After a 10-year heart-wrenching and sometimes frustrating journey, Kenyan sport will finally get its biggest shot in the arm. As the 10th Parliament prepares to end its stay, the one thing the Kenyan sports fraternity will be grateful for is their passing of the Sports Bill ( it awaits Presidential assent to become law as early as March 2013).

Kenya 50 years oncourtesy of www.1500questions.org

At least our lamentations to our Minister one Ababu Namwamba seems to have borne fruit and history will judge him accordingly.
The Sports Bill had a number of proposals which will among others ensure Kenyan sport changes and is run more professionally as well as addressing the revenue issues which plague majority of the sports bodies.

Check this out;

  • establishment of Sports Kenya Development Authority ( mandated to oversee all sports activities, promote, co-ordinate and implement sports programs and manage sports assets and facilities countrywide among others);
  • establishment of a National Sport Fund ( to raise and manage funds for sports authority as well as advise sports federations on appropriate financial grants among others);
  • establishment of  a National Sports Institute ( to manage sports training facilities, promote research and development, check on current sporting trends and recommend appropriate practices to sports federations);
  • registration and regulation of sports organisations and licensing ( creation of Registrar of Sports organisations, licensing of sports bodies – federation, club or otherwise, inspection of financial records and books among others)

Once the Bill is signed into law, existing sports bodies will have to register afresh and in some cases might have to elect new officials for fresh mandate. This has surely not gone down well with many of the current sports officials. The Bill also prescribes regular monitoring and evaluation of sports bodies through annual reports and returns to the Registrar.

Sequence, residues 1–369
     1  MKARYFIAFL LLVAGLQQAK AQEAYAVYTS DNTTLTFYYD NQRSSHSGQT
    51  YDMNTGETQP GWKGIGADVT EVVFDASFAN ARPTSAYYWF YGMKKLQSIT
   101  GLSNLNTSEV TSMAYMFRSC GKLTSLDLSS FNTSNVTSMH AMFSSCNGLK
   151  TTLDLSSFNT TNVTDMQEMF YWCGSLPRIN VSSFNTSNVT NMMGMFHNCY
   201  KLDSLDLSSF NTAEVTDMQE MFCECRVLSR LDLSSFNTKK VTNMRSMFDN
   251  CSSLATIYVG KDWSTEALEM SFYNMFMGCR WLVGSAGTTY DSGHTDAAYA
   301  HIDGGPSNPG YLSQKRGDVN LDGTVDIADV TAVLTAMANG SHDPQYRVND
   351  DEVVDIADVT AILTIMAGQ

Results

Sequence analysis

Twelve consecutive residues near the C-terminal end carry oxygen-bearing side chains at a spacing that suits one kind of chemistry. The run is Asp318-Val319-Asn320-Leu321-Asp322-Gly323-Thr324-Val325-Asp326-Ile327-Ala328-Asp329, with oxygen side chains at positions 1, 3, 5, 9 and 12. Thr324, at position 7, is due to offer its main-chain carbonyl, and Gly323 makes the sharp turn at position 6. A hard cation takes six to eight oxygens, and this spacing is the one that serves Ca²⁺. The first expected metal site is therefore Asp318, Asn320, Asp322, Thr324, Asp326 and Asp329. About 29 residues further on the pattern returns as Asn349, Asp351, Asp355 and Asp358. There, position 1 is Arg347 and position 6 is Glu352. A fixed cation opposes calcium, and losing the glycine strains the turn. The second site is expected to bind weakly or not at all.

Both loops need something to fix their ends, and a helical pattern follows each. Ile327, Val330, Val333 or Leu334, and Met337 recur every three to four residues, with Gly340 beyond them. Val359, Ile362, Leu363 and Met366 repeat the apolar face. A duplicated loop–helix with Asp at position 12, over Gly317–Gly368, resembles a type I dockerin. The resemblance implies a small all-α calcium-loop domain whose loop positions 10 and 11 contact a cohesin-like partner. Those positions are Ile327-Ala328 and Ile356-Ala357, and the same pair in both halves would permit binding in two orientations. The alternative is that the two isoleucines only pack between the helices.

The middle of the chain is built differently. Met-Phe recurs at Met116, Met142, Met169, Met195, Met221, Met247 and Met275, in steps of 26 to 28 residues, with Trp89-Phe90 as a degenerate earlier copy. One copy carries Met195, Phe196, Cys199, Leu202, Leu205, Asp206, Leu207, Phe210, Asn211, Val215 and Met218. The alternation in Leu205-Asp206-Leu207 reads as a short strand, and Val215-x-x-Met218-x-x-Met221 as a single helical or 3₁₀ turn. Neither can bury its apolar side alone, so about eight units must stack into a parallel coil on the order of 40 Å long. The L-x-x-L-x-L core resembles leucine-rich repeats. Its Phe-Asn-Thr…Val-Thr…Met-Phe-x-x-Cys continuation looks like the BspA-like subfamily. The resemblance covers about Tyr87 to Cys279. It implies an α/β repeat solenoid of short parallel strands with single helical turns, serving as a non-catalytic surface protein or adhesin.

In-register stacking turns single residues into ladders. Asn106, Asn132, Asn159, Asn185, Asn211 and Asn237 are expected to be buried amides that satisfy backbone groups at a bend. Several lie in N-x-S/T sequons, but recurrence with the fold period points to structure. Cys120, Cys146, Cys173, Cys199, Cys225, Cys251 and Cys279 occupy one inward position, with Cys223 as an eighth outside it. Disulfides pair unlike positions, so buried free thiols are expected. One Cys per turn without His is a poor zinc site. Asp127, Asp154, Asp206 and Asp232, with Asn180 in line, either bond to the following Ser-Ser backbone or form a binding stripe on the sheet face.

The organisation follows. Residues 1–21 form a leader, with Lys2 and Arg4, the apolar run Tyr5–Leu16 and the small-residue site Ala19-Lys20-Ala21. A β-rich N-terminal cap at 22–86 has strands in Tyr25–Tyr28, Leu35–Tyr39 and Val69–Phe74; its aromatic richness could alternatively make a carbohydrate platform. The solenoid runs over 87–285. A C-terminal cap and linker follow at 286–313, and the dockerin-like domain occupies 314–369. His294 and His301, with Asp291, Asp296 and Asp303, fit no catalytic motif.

It also offers the Secretary of Sport ( equivalent to the current Minister) to intervene and dissolve a sports body in case of disputes or mismanagement. This again has caused discomfort with some of the federations such as Football Kenya Federation which believe they’re beyond any national government interference ( as FIFA honchos have always made national federations feel above the law).
The law has addressed the perennial headache of fund-raising which shall be taken care of by the Sports Fund. This will ensure future national and international representation will have sufficient funds to participate in events and also federations running their affairs smoothly.

But we in Kenyan sport should remain vigilant and ensure that the Sports Law is not just another clause in the Kenyan laws. Just like our legislators, most of the sports officials without interest in the development and growth of sport will fight back and stifle these developments. Law experts tell us that the law doesn’t operate in a vacuum and isn’t cast in stone – it is in the interests of all those involved to safeguard against its abuse. ( We know that a number of sports bodies campaigned for the removal of the clause limiting the terms of office for sports officials).

As the country marks the golden anniversary and in its over 60 years legacy in international participation in sport, the legislation will pave way for added investment and interest in Kenyan sport. It will ensure professionalism in running sports bodies and see that sport is firmly grounded in case of indiscipline.

Notice is served to all you charlatans running sport! Just like our outgoing MPs, start packing your bags too!

‘Useless’ Kenya Facts:
The 10th Parliament had quite a number of MPs who have either been sports personalities or managed sports organisations in one capacity or the other. Here are a few noteworthy ones;

  1. Peter Kenneth (MP for Gatanga) – served as Chairman for Kenya Football Federation 1996 -2000( now Federation of Kenyan Football…semantics), played for now-defunct Re-Union as goalkeeper,
  2. Alfred Khangati (MP for Kanduyi )- served as Chairman Kenya Volleyball Federation in the 1990s and
  3. Dr. Sam Ongeri (MP for Nyaribari Masaba)- served as Chairman for Athletics Kenya 1974-84, 
  4. Chris Obure (MP for Bobasi) – played for Gor Mahia in the 1970s ,
  5. Elijah Lagat (MP for Emgwen) – former marathoner who won Boston (2000), Prague (1998) and Berlin (1997) marathons respectively,
  6. John Harun Mwau ( MP for Kilome) – sharp-shooter who represented Kenya in the Olympics in 1968 and 1972 shooting category.